Symptoms of Narcolepsy
General information about symptoms of Narcolepsy: The symptom information on this page attempts to provide a list of some possible symptoms of Narcolepsy. This symptom information has been gathered from various sources, may not be fully accurate, and may not be the full list of symptoms of Narcolepsy. Furthermore, symptoms of Narcolepsy may vary on an individual basis for each patient. Only your doctor can provide adequate diagnosis of symptoms and whether they are indeed symptoms of Narcolepsy.
List of symptoms of Narcolepsy: The list of symptoms mentioned in various sources for Narcolepsy includes:
- Excessive daytime sleepiness - the most common and usually the earliest symptom; can occur even after adequate nightly sleep
- Daytime sleep attacks
- Falling asleep during laughter
- Falling asleep during routine work
- Frequent nightly waking
- Cataplexy attacks - Sudden episodes triggered by emotion. May be brief (a few seconds) to severe minutes. These have various related symptoms
- Sleep paralysis - temporary paralysis when falling asleep or when waking.
- Hypnagogic hallucinations - dream-like images or sounds occurring when drowsy
- Vivid sounds at sleep onset
- Vivid images at sleep onset
- Disturbed nighttime sleep
- Tossing and turning
- Leg jerks during sleep
- Frequent awakenings
Symptoms of Narcolepsy: The four classic symptoms of the disorder are excessive daytime sleepiness; cataplexy (sudden, brief episodes of muscle weakness or paralysis brought on by strong emotions such as laughter, anger, surprise or anticipation); sleep paralysis (paralysis upon falling asleep or waking up); and hypnagogic hallucinations (vivid dream-like images that occur at sleep onset). Disturbed nighttime sleep, including tossing and turning in bed, leg jerks, nightmares, and frequent awakenings, may also occur. The development, number and severity of symptoms vary widely among individuals with the disorder. It is probable that there is an important genetic component to the disorder as well. Unrelenting excessive sleepiness is usually the first and most prominent symptom of narcolepsy. Patients with the disorder experience irresistible sleep attacks, throughout the day, which can last for 30 seconds to more than 30 minutes, regardless of the amount or quality of prior nighttime sleep. These attacks result in episodes of sleep at work and social events, while eating, talking and driving, and in other similarly inappropriate occasions. 1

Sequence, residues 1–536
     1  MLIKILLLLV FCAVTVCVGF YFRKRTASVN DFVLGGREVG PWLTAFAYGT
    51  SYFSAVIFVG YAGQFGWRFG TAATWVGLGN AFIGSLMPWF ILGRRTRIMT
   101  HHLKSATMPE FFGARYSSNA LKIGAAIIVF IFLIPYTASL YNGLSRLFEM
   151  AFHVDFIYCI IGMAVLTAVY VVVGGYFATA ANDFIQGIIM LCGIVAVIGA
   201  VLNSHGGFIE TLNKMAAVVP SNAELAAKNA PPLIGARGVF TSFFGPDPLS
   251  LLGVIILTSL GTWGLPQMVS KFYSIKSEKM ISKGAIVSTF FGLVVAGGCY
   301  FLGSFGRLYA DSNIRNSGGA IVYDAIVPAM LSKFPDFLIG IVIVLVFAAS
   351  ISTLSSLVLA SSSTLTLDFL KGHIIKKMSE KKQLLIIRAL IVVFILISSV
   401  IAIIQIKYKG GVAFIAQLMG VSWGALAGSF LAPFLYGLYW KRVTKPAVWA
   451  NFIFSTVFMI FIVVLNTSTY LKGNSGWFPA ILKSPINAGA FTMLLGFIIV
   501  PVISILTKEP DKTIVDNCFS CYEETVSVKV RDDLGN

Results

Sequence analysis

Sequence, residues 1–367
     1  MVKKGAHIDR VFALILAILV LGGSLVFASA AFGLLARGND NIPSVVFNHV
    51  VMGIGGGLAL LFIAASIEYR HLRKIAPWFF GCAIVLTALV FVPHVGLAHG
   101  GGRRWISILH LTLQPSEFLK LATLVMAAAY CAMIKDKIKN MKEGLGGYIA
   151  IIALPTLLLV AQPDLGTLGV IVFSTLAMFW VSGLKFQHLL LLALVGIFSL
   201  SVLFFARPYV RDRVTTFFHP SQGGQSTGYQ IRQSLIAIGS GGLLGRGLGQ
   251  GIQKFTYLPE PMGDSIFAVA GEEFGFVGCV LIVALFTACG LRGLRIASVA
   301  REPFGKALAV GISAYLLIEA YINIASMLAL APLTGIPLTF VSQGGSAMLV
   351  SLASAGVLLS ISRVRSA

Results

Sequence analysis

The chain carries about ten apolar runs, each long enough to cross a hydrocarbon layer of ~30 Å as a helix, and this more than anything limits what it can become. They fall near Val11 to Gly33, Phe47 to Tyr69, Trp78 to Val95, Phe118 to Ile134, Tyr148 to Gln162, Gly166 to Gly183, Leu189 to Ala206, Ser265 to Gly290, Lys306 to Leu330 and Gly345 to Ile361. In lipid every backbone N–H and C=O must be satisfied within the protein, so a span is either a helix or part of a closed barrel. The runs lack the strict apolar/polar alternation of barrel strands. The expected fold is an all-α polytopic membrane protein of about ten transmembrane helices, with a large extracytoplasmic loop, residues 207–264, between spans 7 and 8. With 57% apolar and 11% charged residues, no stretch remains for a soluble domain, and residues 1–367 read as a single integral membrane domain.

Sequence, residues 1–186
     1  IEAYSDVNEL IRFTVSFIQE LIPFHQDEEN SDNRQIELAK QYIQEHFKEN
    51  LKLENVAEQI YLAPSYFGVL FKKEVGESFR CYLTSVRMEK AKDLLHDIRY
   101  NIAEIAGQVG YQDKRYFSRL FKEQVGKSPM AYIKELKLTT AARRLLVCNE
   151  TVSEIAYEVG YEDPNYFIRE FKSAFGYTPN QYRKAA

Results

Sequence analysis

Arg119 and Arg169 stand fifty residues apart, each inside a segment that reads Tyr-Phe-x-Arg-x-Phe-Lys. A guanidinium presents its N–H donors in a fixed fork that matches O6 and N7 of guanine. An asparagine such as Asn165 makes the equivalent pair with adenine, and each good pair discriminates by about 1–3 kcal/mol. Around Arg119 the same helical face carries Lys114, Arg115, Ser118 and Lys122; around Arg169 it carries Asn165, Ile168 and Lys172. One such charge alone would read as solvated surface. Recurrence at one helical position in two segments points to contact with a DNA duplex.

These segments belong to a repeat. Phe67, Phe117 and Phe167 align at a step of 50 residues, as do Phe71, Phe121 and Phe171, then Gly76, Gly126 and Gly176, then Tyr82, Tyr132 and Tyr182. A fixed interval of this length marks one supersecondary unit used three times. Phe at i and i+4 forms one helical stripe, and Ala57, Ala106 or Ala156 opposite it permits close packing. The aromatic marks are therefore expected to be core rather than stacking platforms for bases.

The main characteristic of narcolepsy is excessive and overwhelming daytime sleepiness, even after adequate nighttime sleep. A person with narcolepsy is likely to become drowsy or to fall asleep, often at inappropriate times and places. Daytime sleep attacks may occur with or without warning and may be irresistible. These attacks can occur repeatedly in a single day. Drowsiness may persist for prolonged periods of time. In addition, nighttime sleep may be fragmented with frequent wakenings. 2
In addition to overwhelming irresistible sleepiness, there are three other classic symptoms of narcolepsy, which may not occur in all patients:
Cataplexy: sudden episodes of loss of muscle function, ranging from slight weakness (such as limpness at the neck or knees, sagging facial muscles, or inability to speak clearly) to complete body collapse.
Sleep paralysis: temporary inability to talk or move when falling asleep or waking up. It may last a few seconds to minutes.
Hypnagogic hallucinations: vivid, often frightening, dream-like experiences that occur while dozing or falling asleep.
Only about 20 to 25 percent of people with narcolepsy experience all symptoms. The symptoms of narcolepsy, especially the excessive daytime sleepiness and cataplexy, often become severe enough to cause serious disruptions in a person's social, personal, and professional life and can severely limit activities.
In most cases, the first symptom of narcolepsy to appear is excessive and overwhelming daytime sleepiness. The other symptoms may begin alone or in combination months or years after the onset of the daytime sleep attacks. 2
You should be checked for narcolepsy if:
you often feel excessively and overwhelmingly sleepy during the day, even after having had a full night's sleep;
you fall asleep when you do not intend to, such as while having dinner, talking, driving, or working;
you collapse suddenly or your neck muscles feel too weak to hold up your head when you laugh or become angry, surprised, or shocked; or
you find yourself briefly unable to talk or move while falling asleep or waking up.
More symptoms of Narcolepsy: In addition to the above information, to get a full picture of the possible symptoms of this condition and its related conditions, it may be necessary to examine symptoms that may be caused by complications of Narcolepsy, underlying causes of Narcolepsy, associated conditions for Narcolepsy, risk factors for Narcolepsy, or other related conditions.
Medical articles on symptoms: These general reference articles may be of interest:
1. excerpt from NINDS Narcolepsy Information Page: NINDS
2. excerpt from Narcolepsy: NWHIC
Last revision: June 4, 2003
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